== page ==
A 2003 report by the Senate References and Legislation Committee, endorsed by the ALP committee members, found "a pattern of under-performance and non-compliance" in the uranium mining industry. It also identified "many gaps in knowledge and found an absence of reliable data on which to measure the extent of contamination or its impact on the environment", and it concluded that changes were necessary "to protect the environment and its inhabitants from serious or irreversible damage".

It's difficult to understand Ferguson's promotion of the nuclear industry given that he is well aware of the intractable waste management problems. In a speech to a uranium conference on October 11, 2005, he said: "We do not even have a solution for the safe disposal of low and intermediate level nuclear waste generated in our own country, let alone a clear view of the solution for high level nuclear waste generated around the globe from nuclear power operations."

In his March 20 paper, Ferguson states Australia "has the opportunity to lead the world as a responsible supplier of uranium for peaceful purposes" by, among other things, "stewarding uranium from cradle to grave". It's hard to know what he means other than Australia accepting high-level nuclear waste produced in nuclear power reactors around the world, in particular from countries using Australian uranium.

Export revenue and jobs

Ferguson also states that, "States and Territories, particularly South Australia and the Northern Territory, are dependent on new mines, including uranium, for future jobs, economic growth, exports and revenue".

No they aren't. Uranium exports account for less than one half of 1% of Australia's export revenue. Even with the proposed tripling of uranium production at Roxby Downs (which will double Australia's overall exports from the current level of 10-12,000 tonnes annually), it is highly unlikely that uranium would account for more than 1% of export revenue.

Ferguson argues that permitting new uranium mines will allow unions like the Australian Workers Union to pursue coverage and ensure mines are world class, open up more mining jobs for members, and ensure the safety of workers.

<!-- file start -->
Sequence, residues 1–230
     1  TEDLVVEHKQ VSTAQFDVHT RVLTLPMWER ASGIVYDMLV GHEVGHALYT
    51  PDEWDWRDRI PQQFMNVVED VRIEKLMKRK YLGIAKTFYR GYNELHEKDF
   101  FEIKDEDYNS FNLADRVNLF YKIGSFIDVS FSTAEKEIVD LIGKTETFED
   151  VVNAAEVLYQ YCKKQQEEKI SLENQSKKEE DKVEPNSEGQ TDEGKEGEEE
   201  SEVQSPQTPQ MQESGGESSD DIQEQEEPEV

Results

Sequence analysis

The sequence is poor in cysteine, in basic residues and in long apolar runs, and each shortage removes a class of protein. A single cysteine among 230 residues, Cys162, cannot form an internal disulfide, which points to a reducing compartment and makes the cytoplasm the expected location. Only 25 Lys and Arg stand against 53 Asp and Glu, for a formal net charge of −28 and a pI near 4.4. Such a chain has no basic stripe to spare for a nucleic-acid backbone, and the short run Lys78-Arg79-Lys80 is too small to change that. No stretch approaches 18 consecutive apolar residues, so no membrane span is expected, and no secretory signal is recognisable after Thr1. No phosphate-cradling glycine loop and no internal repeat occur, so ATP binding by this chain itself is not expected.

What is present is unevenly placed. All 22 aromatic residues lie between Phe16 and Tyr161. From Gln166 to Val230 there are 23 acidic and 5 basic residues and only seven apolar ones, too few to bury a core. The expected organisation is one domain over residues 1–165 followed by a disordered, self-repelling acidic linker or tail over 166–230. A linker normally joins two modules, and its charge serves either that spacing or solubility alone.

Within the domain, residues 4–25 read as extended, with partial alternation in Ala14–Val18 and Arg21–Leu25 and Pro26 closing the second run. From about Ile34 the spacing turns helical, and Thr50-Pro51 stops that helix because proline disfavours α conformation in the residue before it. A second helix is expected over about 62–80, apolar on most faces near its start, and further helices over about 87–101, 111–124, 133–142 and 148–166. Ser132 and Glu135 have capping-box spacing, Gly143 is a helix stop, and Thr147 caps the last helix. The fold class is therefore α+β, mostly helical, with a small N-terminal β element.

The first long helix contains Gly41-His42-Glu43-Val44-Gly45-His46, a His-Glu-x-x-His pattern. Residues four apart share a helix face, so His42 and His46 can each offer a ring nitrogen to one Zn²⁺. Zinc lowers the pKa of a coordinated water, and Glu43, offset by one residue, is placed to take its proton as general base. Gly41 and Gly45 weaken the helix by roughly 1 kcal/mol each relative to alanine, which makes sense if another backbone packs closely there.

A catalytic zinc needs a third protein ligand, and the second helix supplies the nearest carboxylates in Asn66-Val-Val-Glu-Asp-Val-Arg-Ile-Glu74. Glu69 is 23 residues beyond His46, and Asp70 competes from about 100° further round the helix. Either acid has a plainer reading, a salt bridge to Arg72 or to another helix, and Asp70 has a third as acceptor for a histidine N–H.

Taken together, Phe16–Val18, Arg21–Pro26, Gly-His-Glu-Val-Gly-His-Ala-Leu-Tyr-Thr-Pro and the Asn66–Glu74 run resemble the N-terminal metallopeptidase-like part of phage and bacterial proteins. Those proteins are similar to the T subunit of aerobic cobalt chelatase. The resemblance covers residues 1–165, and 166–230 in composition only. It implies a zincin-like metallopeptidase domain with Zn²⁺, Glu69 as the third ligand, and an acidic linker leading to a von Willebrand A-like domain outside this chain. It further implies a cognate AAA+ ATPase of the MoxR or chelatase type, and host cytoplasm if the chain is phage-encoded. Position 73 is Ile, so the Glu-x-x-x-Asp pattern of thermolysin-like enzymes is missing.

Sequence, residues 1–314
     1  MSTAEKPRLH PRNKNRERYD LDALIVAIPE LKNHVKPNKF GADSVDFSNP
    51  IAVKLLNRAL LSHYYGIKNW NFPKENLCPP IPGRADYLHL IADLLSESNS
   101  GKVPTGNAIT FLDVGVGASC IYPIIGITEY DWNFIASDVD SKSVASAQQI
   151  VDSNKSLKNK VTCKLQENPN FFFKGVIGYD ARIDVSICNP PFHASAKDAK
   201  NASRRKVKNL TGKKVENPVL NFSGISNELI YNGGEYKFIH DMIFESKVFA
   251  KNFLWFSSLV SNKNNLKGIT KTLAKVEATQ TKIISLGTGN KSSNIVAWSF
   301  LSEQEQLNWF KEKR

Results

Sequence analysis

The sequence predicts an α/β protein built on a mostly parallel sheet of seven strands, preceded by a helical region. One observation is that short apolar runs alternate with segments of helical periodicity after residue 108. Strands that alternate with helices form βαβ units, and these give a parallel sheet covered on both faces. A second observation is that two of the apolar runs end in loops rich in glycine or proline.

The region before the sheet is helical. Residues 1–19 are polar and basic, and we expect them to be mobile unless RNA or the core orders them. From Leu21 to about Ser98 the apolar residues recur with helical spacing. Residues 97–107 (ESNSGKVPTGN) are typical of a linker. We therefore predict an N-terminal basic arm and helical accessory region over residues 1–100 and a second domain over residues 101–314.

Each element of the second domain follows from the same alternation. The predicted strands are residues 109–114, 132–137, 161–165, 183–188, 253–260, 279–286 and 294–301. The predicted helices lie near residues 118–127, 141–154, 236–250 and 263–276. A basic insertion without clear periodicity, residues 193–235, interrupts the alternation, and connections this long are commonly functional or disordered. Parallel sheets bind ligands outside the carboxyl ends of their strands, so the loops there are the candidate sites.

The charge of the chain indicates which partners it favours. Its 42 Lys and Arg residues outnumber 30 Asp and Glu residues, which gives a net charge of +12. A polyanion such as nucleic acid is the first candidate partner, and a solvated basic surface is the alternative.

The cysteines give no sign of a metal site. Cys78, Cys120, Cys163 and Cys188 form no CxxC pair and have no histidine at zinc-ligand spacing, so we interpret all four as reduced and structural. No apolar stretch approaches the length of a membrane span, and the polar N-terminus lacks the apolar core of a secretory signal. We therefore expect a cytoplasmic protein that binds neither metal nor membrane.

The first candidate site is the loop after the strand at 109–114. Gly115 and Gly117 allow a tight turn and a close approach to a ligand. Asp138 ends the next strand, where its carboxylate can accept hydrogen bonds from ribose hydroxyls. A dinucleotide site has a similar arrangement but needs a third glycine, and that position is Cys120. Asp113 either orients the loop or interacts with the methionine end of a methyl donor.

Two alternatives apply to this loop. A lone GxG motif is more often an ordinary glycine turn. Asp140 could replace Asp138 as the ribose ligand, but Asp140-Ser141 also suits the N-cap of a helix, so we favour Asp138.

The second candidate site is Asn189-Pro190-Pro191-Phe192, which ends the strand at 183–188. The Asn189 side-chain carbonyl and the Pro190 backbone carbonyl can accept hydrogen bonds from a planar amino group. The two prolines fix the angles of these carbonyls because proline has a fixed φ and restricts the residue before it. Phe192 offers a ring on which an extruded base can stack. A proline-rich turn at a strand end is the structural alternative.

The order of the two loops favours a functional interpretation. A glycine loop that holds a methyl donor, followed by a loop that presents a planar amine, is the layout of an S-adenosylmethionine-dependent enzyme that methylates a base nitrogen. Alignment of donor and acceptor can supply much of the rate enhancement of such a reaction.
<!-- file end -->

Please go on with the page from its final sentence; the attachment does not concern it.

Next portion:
Uranium mining makes even less of a contribution to employment than it does to export revenue. Uranium mining companies are notoriously anti-union. There is limited union coverage of uranium industry workers, and none at all at Roxby Downs.

There will be more jobs — and safer and unionised jobs — by pursuing a clean energy future. As Neale Towart wrote in Workers Online in February: "For workers, the scope for decent and rewarding work in the renewables sector far outstrips the potential employment in the current energy industry regime. Job creation in Europe through various renewable energy scenarios developed in 2002 show the vast potential. Greener energy sources in general employ far more people than more polluting sources. Nuclear power sustains around one sixth of the jobs sustained by wind energy, per unit of power produced. Wind energy is four times better than coal at sustaining jobs."

Nuclear weapons' proliferation

At the June 5 debate, Ferguson conceded that there are many serious problems with the IAEA's safeguards inspection system, which attempts to prevent the military use of ostensibly peaceful nuclear facilities and materials.

There are several sets of problems with the IAEA's safeguards system:

  • A range of technical and practical problems, such as the routine accounting discrepancies arising from factors such as the unavoidable imprecision in estimating the rate of production of plutonium in nuclear power reactors.

  • The safeguards system is chronically under resourced. IAEA director-general Dr Mohamed ElBaradei recently complained that the safeguards system operates on a "shoestring budget ... comparable to a local police department".

  • According to ElBaradei, the IAEA's basic safeguards inspection rights are "fairly limited" and the system "clearly needs reinforcement", and he has complained about "half-hearted" efforts to strengthen the safeguards system.

  • The NPT enshrines an "inalienable right" of member states to all "civil" nuclear technologies, including dual-use technologies with both peaceful and military applications. In other words, the NPT enshrines the "right" to develop a nuclear weapons "threshold" or "breakout" capability.

Ferguson did not challenge these arguments, so it's difficult to see how he can support Australia's uranium export industry.

Ferguson said last August 23 that "Australia is one of the most responsible exporters of uranium in the world". But Australia's uranium is as likely to be diverted to the production of weapons of mass destruction as any other country's uranium. All uranium exporting countries are entirely reliant on the inadequate and under-resourced safeguards inspection system of the IAEA.

[Jim Green is an anti-nuclear campaigner with Friends of the Earth. See the new FoE publication, Yellowcake Country: Australia's Uranium Industry, at <>.]

From Green Left Weekly, June 14, 2006.